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Help!!! Malpractice not what I thought it was…


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I accepted a part-time gig at a rehab. During the interview I asked what kind of malpractice insurance is provided and I was told occurrence. I also asked a woman in human resources who told me the same thing. Having good malpractice is very important to me as a new grad. I accepted the job thinking it was a occurrence policy. Like the smart PA that I am, today I asked for a copy of the policy. I noticed that it is an umbrella liability policy that covers the entire rehab. It said a current liability coverage for professional commercial… Which is not medical… then a spot below that that said umbrella liability occurrence… That again I assume covers the entire organization, from therapists to cafeteria workers. And then at the very bottom it specifically says "healthcare professional liability claims made." So from my understanding, it seems like those who are covered under the umbrella in the occurrence policy are everyone but the healthcare professionals, who have claims made coverage only.

 

I admit that I am a little pissed about this. I realize that having to purchase tail coverage is a fact of life, but I would have definitely taken this into consideration when negotiating an hourly rate or even taking the job at all… Because tail coverage can be an enormous expense as you are well know. Thousands of dollars for each of the three years after you leave, correct?

 

What should I do at this point? I don't know if I am being a diva but I almost would need to have a much higher hourly rate or ask that the employer pays for my own separate policy. I just don't know how much bargaining I have as a part timer.

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I just recently pointed out to my employer that our policy was claims made and an umbrella for the health care workers. I contacted the sales agent that the administrator had purchased the policy through and got a lot of "you don't need it while the policy is in effect" bullshart even after explaining that myself and the other provider would need tail coverage and needed to know the cost. He was never able to provide further info. I should report him to the state board of insurance. Bottom line, I got/renewed my own occurrence policy that I had let lapse while with the VA.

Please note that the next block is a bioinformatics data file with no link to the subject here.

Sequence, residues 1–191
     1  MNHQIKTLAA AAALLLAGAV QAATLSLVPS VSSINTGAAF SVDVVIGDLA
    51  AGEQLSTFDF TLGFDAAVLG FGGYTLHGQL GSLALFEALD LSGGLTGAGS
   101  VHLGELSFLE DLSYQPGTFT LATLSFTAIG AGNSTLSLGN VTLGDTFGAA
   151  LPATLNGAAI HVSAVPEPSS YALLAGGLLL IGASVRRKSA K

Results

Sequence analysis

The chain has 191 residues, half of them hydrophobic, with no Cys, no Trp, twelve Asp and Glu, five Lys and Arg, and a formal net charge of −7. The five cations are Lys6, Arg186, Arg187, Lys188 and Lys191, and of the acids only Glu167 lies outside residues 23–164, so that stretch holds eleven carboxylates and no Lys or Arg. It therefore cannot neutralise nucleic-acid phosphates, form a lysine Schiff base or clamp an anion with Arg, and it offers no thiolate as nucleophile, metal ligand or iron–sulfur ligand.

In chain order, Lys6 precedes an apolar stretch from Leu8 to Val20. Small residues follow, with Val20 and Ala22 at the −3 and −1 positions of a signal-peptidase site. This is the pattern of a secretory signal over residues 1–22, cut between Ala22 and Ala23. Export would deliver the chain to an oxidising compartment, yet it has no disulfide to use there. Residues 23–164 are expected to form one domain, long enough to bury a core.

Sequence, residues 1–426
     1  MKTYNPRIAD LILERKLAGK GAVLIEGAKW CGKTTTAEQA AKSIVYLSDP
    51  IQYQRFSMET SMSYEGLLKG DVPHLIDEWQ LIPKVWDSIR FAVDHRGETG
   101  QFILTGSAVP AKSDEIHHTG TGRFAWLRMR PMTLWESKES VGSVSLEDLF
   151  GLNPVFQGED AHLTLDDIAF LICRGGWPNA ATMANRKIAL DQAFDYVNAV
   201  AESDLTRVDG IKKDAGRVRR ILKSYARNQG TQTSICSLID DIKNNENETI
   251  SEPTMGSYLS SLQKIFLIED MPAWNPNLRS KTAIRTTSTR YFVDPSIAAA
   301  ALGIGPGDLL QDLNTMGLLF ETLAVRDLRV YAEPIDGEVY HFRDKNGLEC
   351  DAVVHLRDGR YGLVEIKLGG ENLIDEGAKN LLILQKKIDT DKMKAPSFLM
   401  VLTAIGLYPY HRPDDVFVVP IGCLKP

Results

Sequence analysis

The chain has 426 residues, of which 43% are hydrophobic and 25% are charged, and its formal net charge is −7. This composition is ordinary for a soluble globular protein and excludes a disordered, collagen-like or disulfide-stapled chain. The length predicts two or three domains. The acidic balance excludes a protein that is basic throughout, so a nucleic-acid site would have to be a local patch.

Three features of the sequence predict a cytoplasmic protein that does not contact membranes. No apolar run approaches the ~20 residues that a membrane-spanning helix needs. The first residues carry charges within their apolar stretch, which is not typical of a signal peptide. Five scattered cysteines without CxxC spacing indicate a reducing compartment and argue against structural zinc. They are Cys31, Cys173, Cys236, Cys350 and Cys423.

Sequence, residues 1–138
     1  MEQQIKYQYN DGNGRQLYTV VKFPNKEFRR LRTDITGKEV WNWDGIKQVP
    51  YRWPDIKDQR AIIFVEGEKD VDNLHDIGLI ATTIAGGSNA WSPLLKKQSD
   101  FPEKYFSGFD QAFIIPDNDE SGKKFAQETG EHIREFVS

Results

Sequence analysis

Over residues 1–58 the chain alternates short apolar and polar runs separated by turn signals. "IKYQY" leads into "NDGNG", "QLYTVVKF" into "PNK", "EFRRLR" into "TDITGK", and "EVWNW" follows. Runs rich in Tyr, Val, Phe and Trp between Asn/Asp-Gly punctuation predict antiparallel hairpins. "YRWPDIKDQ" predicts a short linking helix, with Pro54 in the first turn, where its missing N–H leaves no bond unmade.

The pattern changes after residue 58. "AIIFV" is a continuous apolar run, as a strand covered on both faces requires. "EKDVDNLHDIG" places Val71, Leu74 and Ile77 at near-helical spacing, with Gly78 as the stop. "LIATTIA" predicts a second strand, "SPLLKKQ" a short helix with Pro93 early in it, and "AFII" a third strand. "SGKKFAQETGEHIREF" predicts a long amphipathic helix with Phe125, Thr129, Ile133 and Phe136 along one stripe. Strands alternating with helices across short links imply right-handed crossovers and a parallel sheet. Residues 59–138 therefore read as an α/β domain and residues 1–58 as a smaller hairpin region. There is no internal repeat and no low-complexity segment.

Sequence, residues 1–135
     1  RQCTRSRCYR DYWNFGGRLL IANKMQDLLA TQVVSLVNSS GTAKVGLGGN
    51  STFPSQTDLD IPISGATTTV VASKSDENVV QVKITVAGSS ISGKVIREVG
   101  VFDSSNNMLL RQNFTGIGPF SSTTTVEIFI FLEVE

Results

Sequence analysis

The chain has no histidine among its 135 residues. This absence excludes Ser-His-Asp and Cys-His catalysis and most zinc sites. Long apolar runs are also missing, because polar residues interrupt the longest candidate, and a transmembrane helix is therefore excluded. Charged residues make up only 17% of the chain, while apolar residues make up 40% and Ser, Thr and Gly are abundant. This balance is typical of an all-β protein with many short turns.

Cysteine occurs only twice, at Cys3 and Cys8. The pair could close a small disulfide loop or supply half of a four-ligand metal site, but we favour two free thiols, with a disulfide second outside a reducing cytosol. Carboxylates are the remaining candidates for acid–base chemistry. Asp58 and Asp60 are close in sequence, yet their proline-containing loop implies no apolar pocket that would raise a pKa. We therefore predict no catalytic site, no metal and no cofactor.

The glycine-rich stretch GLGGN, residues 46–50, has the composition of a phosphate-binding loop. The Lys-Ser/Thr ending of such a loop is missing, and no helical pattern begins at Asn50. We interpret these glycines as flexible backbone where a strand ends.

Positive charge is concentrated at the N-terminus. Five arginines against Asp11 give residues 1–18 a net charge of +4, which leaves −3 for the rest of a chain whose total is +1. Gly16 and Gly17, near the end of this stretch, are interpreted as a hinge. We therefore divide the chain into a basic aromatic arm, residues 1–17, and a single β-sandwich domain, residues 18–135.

In your situation you were responsible enough not to take someone's word for it. Others should do the same. Ask them to purchase you an occurrence policy since you were told that that was what they provided. It isn't your fault that they don't know what their talking about. Have them purchase the tail coverage as well since it's their error.

 

 

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Ugh. I agree. I looked over the offer letter I signed (there was no official contract) and there wasn't anything mentioned about malpractice in there. But I know for a fact I was told it was occurrence... Maybe I am a diva but if I had known that before taking the job I probably wouldn't have taken it.

 

It surprises me how little HR knows about this. I've had several offers and no one knows what the heck I am talking about. To them malpractice is malpractice. It makes me think there are few people who actually clarify this... I know that many of my classmates don't know what kind of malpractice they have. My best friend and fellow PA just texted me "I have claims made but don't know what that means." From my research I've found that tail can cost 2-4 times the amount of the premium. That's NUTS.